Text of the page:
Sunday, March 7, 2010

Currencies: the Latest Bubble to Burst. Is Municipal Debt Next?

In the leverage-fueled, easy money world of the turn of the 21st Century, life is just one asset bubble after another. The bubbles du jour are the Euro and the pound sterling. The Euro bloc and the U.K. seem to have achieved faux prosperity with gads of borrowed money, some of it carefully tucked away in quiet, little (or perhaps not so little) derivatives transactions.

But the problem with debt is that creditors expect to be repaid. As creditors sought to have their way, the Euro and pound lost value. This down trend may have been exacerbated by trading in credit default swaps, the hydra of the financial markets. Thus, derivatives seemingly not only heightened the bubble, they also may have intensified the pop. Government officials in EU nations now talk openly about restricting the use of credit default swaps for sovereign debt. The financial engineers of the derivatives markets will likely sprout two or more new contracts for the credit default swap if it is cut off from the sovereign debt markets. Europe will have to search long and hard for a champion to truly kill this beast.

Municipalities in the U.S. also availed themselves of the easy credit offered by not terribly transparent derivatives. Many now find themselves locked into long term contracts that are expensive to maintain and expensive to terminate. Their only consolation is that the Wall Street bankers who sold them these puppies are back to earning big bonuses, thanks to the American taxpayer. Municipal bankruptcies are rare, but perhaps will be less so in the near future. If local governments must choose between police and fire protection, good educations for children, and decent roads, on the one hand, or continuing to enrich multi-millionaire investment bankers on the other, it's not hard to imagine that the sanctity of contract will take a fall. The Bankruptcy Code is intended to give debtors a fresh start, and a goodly number of municipal officials are likely to proceed on the premise that all politics are local.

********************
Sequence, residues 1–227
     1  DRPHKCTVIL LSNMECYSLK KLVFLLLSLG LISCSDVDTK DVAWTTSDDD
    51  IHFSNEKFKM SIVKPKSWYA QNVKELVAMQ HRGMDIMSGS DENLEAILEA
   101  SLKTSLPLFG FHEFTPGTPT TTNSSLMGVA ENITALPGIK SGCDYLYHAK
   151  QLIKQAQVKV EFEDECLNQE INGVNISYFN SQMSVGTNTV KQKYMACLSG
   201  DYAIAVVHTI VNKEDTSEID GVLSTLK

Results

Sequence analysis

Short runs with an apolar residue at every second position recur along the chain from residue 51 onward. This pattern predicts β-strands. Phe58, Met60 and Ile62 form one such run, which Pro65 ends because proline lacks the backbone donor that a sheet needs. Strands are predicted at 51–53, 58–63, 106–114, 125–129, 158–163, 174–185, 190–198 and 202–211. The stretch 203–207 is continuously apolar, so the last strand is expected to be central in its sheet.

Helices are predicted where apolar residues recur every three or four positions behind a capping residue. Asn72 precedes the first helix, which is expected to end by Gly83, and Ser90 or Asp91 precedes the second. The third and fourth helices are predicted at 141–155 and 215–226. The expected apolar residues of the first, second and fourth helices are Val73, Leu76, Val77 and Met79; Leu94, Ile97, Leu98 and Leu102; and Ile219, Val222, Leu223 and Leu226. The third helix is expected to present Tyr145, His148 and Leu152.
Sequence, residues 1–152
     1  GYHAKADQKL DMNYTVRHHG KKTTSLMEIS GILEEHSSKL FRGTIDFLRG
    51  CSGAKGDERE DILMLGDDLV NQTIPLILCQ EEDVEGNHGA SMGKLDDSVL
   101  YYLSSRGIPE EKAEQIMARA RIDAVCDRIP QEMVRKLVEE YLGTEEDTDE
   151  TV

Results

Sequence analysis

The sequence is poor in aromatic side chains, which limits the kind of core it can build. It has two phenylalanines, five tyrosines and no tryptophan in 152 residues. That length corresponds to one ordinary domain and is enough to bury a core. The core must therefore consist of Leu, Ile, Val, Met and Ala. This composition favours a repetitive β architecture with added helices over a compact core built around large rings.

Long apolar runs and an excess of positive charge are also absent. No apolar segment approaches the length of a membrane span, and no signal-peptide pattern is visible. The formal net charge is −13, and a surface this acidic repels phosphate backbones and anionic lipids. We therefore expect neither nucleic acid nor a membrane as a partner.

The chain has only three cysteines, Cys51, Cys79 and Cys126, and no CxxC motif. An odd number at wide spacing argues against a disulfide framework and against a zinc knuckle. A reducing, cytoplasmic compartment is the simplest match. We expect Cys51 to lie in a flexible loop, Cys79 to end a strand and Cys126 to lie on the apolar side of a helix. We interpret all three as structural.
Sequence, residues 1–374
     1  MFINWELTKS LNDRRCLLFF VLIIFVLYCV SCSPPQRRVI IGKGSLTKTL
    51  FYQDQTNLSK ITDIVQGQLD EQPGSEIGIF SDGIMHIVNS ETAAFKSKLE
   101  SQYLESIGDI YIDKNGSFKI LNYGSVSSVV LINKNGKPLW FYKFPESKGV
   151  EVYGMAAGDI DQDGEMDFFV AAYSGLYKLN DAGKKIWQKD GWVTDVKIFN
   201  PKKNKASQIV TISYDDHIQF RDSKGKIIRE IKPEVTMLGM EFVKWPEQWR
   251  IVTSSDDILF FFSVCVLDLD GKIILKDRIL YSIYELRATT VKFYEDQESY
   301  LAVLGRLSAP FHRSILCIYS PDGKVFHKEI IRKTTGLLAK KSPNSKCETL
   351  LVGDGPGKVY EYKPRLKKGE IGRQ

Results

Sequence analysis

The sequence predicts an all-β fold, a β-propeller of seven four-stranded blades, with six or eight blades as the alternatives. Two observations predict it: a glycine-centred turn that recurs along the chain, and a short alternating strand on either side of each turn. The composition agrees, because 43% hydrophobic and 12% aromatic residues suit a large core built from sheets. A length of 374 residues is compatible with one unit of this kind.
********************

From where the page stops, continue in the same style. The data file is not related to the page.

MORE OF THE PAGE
They may take inspiration from the Chinese government. A news story today on ( reported that China's national government will repudiate Chinese municipal guarantees of debt incurred by financing vehicles local governments set up to circumvent municipal borrowing restrictions, and prohibit such guarantees in the future. Kinda of reminds one of the SIVs and other special purpose vehicles banks set up for mortgage-backed investments to circumvent capital and financial reporting requirements. This Chinese version of the problem doesn't, at first glance, seem likely to precipitate a currency crisis, since the unguaranteed loans appear to be held mostly by Chinese banks. Beijing's purpose is probably to cut back the vast quantities of credit in China that may send inflation spiraling upward. But the notion that governments need not kowtow to banks could acquire increased currency (pun intended) from the Chinese example. While the federal government, almost incapable of achieving even modest reform of the financial regulatory structure, is clenched tightly within the grip of Wall Street's lobbying machine, the populism sweeping the nation could find new expression in municipal bankruptcies, where local government officials could claim heroic status for themselves (and re-election) by telling the big banks to stick it.

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